Of course I STILL write. I STILL exist.

I’ve learned that while it’s difficult (for me) to work out three times a week anymore, it IS possible to meet with my writing group twice a month. I learned after dragging The Baby cross the country to Chicago on a SOLO flight that I will not be whisking baby to Paris for a girl’s week anytime soon. Brunch is a no-go as she turns into a gremlin just when the mimosas reach our table.

So yes, there are a lot of things I USED to do that I don’t (tennis! movies! camping!). But my house is just as fun as the trendy brunch place with the mango mimosas. The dance party hasn’t gone away, it relocated to my living room.

This is the untold story of motherhood, the one not seen in the dark circles under my eyes and my wistful gaze at the glass of wine sitting just beyond my reach, as I read her Brown Bear, Brown Bear for the 100th time. It’s the complete, ineffable, sudden JOY.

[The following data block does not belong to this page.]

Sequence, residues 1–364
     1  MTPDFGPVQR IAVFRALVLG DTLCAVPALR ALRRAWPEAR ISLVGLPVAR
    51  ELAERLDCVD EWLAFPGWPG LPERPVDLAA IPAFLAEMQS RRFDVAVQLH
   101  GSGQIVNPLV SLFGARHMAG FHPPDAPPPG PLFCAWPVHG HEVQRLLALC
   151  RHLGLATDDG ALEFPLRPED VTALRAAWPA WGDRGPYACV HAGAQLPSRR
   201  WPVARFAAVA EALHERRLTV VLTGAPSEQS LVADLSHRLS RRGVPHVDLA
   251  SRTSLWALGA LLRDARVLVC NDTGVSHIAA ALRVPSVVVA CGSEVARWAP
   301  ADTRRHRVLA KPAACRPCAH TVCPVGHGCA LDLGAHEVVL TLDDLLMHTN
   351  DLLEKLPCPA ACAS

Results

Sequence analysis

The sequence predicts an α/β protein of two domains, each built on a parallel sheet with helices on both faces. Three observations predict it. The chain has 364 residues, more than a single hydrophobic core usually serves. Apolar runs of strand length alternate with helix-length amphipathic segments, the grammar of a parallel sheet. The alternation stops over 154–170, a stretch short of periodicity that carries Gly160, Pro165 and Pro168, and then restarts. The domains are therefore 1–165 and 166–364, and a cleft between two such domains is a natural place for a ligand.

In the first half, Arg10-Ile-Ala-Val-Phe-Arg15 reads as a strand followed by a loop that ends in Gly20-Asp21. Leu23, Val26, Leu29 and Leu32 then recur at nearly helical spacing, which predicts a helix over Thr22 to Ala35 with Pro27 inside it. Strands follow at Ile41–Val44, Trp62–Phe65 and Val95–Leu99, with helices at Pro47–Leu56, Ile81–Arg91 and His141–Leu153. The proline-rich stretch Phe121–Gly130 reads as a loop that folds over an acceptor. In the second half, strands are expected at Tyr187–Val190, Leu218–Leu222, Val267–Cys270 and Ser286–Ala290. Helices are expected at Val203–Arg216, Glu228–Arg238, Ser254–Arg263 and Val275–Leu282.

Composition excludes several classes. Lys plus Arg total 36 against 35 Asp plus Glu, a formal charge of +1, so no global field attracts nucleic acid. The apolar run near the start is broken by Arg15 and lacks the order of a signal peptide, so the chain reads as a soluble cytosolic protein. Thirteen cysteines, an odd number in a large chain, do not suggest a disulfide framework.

I hope to bring my writing to a new place. I hope you’re still along for the ride. I hope that this adventure is “interesting” to you, whatever that means.

It’s not WHAT you experience, it’s HOW you experience it.

(Full-disclosure: I lifted that last line from an exceptional FB post written by a stranger I can no longer find.)

(I refuse, at least for now, to post public pictures of The Baby on this blog. She’s entitled to her privacy, at least while she has food all over her face. So no baby pics!)

(Credit to LL for the title, just in case I’m supposed to do those kind of things)


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Bad Travel Writer! Stop That